“This Robot Thinks It’s a Larva”
by Ashley Braun
Hakai, September 29, 2016
From crabs and lobsters to corals and fishes, many marine species begin life as a tiny speck floating in the sea, at the mercy of the currents. At least, that was what scientists had long assumed about the larval stage for much of marine life. They now know that larvae have more control over their fate than that, and have seven different ways they can move in the water column. But we still don’t know where these larvae actually travel in the ocean.
Unlike a wolf or even a whale, you can’t exactly put a satellite tag onto microscopic larvae and follow where they go. However, marine ecologist Steven Morgan at UC Davis and Tom Wolcott at North Carolina State University are coming pretty close. This pair is starting to deploy what they call, alternately, “robotic larvae,” “seabots,” and even “minions,” to simulate the behaviors of larvae in the ocean and find out.
From a Coast Guard vessel in Bodega Bay, California, I watched as Morgan’s team released four bright yellow robotic larvae into the waters of one of the world’s most productive ocean upwelling zones. The soft-spoken Morgan explained the various sensors on these devices that would gather — and when at the surface, transmit in real time — data revealing insights into the dispersal behavior for the early life stages of so many types of marine life.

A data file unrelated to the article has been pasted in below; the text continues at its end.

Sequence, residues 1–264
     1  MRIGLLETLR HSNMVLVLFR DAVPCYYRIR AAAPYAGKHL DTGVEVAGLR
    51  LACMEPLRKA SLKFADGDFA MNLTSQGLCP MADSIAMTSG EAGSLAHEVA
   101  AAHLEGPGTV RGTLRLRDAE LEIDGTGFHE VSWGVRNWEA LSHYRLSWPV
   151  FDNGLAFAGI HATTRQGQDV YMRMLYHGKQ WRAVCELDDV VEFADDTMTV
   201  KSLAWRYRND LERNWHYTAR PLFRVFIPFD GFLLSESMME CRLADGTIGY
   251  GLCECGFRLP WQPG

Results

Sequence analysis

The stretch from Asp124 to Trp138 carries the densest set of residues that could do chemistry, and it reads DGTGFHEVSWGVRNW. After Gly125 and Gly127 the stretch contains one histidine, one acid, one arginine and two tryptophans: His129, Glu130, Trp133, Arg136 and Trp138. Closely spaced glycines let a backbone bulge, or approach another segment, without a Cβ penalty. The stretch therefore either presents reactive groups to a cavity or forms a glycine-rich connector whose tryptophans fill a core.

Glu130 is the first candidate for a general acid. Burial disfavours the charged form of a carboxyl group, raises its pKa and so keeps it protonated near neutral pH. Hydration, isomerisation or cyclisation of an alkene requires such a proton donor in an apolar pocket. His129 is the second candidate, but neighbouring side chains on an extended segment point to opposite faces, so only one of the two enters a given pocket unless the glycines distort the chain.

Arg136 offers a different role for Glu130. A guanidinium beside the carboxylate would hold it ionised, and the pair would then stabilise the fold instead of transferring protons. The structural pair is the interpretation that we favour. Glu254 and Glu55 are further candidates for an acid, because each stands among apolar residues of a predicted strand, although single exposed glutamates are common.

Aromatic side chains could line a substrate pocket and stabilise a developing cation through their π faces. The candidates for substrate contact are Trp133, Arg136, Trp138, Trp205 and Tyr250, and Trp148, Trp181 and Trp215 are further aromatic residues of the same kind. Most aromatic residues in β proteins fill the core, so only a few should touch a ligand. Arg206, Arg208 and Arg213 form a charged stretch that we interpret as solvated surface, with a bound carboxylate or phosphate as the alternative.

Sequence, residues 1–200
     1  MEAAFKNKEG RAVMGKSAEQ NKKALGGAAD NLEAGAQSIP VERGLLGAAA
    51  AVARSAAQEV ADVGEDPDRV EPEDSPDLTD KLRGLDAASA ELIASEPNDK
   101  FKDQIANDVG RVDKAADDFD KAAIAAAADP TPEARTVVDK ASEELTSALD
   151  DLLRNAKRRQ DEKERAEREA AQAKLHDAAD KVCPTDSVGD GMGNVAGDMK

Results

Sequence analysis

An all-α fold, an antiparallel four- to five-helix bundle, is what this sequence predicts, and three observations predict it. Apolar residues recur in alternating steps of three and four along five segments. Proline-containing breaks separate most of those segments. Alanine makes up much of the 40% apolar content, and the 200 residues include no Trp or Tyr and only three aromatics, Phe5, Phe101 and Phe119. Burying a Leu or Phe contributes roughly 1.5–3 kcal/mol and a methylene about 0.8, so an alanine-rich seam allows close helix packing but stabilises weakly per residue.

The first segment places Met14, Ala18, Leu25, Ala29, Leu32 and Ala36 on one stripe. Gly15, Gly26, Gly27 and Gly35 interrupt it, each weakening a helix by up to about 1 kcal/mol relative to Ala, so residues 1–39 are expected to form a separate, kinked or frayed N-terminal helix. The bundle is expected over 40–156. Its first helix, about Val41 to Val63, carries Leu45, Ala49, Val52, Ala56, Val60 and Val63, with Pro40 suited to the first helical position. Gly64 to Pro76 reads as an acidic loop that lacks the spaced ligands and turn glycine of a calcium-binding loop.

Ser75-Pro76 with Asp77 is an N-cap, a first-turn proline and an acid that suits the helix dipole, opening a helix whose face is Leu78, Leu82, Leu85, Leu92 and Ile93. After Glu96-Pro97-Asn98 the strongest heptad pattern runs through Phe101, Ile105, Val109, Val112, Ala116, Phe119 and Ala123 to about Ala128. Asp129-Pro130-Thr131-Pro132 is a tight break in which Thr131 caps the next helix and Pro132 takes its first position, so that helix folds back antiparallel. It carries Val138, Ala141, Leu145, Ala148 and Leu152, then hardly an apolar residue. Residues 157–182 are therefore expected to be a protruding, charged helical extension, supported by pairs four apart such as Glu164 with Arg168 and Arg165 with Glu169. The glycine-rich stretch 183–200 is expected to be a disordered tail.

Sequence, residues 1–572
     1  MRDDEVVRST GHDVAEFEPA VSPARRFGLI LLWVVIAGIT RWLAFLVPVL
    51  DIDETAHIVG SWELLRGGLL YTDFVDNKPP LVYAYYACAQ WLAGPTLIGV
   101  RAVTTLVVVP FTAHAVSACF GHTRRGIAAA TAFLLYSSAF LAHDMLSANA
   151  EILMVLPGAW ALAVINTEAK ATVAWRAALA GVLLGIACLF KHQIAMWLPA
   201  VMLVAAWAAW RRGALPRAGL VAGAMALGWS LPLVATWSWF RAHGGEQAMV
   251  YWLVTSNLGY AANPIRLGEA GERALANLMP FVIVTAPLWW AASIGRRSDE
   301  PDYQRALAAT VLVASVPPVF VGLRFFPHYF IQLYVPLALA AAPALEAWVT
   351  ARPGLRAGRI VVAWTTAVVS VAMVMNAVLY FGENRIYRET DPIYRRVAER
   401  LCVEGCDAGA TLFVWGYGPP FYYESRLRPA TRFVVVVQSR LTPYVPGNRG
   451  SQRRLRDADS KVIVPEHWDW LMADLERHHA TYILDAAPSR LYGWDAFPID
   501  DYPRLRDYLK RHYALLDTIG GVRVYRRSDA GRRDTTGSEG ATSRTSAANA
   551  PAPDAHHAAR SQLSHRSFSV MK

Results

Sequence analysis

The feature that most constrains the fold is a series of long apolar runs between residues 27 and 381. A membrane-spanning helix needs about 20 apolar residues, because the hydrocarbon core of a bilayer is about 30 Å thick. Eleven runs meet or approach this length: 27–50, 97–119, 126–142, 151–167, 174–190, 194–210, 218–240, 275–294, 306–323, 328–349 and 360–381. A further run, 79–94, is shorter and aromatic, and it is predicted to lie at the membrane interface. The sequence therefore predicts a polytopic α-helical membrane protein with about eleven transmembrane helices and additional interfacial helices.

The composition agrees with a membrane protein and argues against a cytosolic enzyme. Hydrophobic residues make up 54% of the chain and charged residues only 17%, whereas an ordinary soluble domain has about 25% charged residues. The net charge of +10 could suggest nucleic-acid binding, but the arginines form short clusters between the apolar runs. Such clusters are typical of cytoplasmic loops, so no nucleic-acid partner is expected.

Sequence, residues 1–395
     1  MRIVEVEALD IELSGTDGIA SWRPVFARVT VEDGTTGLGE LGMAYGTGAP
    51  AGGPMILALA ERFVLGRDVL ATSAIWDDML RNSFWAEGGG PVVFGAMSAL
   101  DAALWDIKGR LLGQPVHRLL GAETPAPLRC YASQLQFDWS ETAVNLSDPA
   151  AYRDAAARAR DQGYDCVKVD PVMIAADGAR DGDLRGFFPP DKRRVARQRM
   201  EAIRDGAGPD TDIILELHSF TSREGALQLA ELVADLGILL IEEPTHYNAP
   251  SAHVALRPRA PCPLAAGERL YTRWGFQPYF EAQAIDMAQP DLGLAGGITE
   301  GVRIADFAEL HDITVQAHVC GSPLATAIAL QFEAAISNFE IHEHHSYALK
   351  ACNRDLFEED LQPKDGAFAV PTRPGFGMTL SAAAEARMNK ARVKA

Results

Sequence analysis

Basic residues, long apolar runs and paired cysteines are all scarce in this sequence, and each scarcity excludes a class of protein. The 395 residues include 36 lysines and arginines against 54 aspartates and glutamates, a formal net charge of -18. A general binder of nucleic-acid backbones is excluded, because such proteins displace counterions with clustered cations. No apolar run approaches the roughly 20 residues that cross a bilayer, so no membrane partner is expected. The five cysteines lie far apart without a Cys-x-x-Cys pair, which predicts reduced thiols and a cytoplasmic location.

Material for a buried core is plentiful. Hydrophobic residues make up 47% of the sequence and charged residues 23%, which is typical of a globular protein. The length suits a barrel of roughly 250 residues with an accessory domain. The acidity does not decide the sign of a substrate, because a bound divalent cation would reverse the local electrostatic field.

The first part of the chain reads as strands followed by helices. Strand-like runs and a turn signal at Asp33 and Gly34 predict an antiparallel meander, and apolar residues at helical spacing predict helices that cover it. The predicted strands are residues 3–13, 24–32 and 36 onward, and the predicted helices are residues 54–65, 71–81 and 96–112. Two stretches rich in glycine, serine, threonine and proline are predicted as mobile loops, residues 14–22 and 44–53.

“This will be the first time we’ll ever know where larvae are actually going,” said Morgan. That has implications for everything from understanding how different groups of marine life may fare in a warming and acidifying ocean to designing marine protected areas.
As a news story for Hakai Magazine, I think sharing this tale of robotic larvae would cast a light on the microscopic marine masses that are usually somewhat alien to most people, while revealing the leading edge of technology — yes, constructed out of used fire extinguishers — in marine science. I also have several photos of the devices, Morgan, and the latest deployment.